Byford Motors vs. S.S. Srivastava (1993)
In this case, Byford Motors inserted an advertisement in the newspaper mentioning that a person reserving a Premier Padmini Car would enter into a contest in a lottery conducted through them. Under it, someone who became successful in the draw would be entitled to 2 free tickets from New Delhi to New York and back. Mr. Srivastava changed into one of the folks who became a success within the draw.
He asked the dealers, M/s Byford Motors, to provide him with the value of tickets. Which was refused, and he was requested to produce two passports to enable them to e-book the tickets. The complainant produced one passport right now; however, the second after the end of the financial year. The Company refused the tickets on the floor that the bills of the economic year were closed, and they could not carry ahead the liability to the subsequent year according to Income Tax Rules.
It held that “the Complaint became no longer a customer with the meaning of Section 2(1)(d) of the Consumer Protection Act, 1986. He had acquired the car for which he had paid, and there was no criticism as to its condition.”
7. Warranty of free service
Vishwa Jyoti Printers vs. Molisis of India (1992)
An assurance of free service for one year was given at the time of the sale of a printing device. The dealer of the machine contended that on the grounds that he became a rendering free service provider for the maintenance of the equipment for 12 months underneath the warranty, the buyer was now not a ‘consumer’ under the Act. However, the Commission held that the assurance was part of the composite contract for delivery of the printing gadget and its renovation for 12 months. Hence, the buyer became a ‘consumer’ beneath the Act.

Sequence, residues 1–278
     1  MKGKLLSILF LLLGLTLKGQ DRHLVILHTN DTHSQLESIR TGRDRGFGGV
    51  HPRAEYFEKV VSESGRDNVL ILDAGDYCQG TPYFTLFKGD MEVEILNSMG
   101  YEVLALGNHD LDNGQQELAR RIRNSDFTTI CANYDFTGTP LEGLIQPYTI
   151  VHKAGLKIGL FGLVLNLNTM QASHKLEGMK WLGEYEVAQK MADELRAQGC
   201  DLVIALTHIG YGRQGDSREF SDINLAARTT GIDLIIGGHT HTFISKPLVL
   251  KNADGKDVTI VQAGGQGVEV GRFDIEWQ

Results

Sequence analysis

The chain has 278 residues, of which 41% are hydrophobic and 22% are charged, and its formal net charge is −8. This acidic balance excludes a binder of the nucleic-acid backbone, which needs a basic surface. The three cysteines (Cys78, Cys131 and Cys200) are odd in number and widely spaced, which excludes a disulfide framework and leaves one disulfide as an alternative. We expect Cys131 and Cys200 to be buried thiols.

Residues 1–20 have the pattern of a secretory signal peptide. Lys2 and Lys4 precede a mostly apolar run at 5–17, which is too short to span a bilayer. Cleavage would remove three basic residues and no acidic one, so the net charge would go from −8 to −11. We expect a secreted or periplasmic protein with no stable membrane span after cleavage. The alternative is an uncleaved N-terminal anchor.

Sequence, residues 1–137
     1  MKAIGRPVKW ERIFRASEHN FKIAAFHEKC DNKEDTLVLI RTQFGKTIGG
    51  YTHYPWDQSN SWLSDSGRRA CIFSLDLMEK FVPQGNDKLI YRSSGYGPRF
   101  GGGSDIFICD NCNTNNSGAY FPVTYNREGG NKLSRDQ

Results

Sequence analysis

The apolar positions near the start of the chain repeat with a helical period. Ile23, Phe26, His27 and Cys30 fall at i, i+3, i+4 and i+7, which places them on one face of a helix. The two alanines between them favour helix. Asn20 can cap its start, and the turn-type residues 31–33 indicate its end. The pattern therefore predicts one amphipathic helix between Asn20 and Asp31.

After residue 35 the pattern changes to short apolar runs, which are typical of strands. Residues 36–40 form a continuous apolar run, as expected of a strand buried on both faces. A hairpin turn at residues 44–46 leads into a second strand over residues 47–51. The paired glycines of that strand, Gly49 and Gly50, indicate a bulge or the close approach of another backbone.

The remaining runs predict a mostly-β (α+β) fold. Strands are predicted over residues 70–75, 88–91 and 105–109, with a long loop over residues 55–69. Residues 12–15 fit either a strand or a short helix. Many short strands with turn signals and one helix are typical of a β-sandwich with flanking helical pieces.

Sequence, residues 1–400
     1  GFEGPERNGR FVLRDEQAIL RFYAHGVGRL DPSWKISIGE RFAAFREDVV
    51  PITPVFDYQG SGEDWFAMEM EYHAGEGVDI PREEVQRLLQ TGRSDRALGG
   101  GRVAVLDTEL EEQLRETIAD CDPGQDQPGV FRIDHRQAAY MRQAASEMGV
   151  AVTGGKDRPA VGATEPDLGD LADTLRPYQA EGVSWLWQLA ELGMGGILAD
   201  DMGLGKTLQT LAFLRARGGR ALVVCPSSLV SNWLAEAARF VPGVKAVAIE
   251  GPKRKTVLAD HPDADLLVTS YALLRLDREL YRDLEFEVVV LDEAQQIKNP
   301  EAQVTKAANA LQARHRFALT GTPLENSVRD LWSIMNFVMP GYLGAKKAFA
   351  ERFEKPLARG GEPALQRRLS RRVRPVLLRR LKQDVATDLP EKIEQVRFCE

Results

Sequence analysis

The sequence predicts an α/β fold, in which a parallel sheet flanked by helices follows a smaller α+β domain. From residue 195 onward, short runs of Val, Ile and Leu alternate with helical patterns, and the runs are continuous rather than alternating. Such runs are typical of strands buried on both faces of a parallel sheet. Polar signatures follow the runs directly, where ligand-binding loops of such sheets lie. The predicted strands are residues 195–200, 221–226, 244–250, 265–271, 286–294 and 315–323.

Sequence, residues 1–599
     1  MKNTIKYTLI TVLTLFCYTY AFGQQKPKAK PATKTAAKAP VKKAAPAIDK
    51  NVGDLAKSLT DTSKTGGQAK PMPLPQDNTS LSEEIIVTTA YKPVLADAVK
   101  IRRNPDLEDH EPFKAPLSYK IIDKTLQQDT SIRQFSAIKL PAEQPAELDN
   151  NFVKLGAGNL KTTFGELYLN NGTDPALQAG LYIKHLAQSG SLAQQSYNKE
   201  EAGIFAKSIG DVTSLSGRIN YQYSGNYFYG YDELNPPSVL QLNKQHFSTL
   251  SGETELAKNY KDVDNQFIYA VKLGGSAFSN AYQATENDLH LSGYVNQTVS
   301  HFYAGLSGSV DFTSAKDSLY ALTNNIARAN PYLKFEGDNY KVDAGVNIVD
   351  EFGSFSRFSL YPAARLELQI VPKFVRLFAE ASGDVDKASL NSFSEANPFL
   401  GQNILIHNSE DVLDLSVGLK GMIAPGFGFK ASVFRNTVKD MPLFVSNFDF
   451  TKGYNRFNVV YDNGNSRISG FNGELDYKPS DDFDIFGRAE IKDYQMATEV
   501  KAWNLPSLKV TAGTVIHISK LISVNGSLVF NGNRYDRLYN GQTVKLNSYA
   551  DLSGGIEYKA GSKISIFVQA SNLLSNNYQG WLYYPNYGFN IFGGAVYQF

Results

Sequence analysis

8. Buyer of Shares or Debentures in a Company
An individual can buy shares or debentures in a company for the following:
(i) Investment purpose
(ii) Commercial purpose or for resale.
If a person buys shares for investment purposes, he is a consumer. Because he is buying shares for consideration, and shares are goods as defined in Section 2(7) of the Sale of Goods Act 1930. If a person buys shares for commercial purposes or resale, he is not a consumer. He cannot seek remedy under the Consumer Protection Act 1986. However, in case of dispute, he can seek remedy under other Acts, such as the Companies Act, 2013.
9. Self-employed Person
A self-employed person is a consumer. He can seek remedy under the Consumer Protection (Amendment) Act 1993. However, prior to this amendment, goods purchased by the self-employed to earn a living were taken for commercial purposes. Self employed persons are the types of consumers.
10. A Buyer of House
A buyer of a house or flat is a consumer. Agencies like Delhi Development Authority, Haryana Urban Development Authority, Housing Boards, Government Agencies, and private agencies are rendering services to the public by providing houses. Because they are doing so far a consideration, hence allottes are consumers.
11. A Person Hiring Services of the Postal Department
A person hiring services of the postal or telegraph department is not a consumer. Because charges paid for the postal charges cannot be called “consideration” but are only fees for the facilities provided. He cannot remedy this under the Consumer Protection Act. A person hiring services of any department can be the types of consumers. However, he can seek redressal, if required, under the Indian Post Office Act.
12. Depositor of Money with a Company
A person depositing money in its recent judgment in the case of Ms. Neela Vasant Raje from Pune, has held that companies taking deposits from the public can be called up before Consumer Forums if they default in repaying deposits with interest. Such companies render a “service,” and the depositor is a consumer under the Consumer Protection Act 1986.
Consumers play an important role in the market. There can be different types of consumers in society. One is a personal consumer, and the other one is an organizational consumer. Personal consumers purchase goods and services for their personal use. The organizational consumers purchase goods for the organization.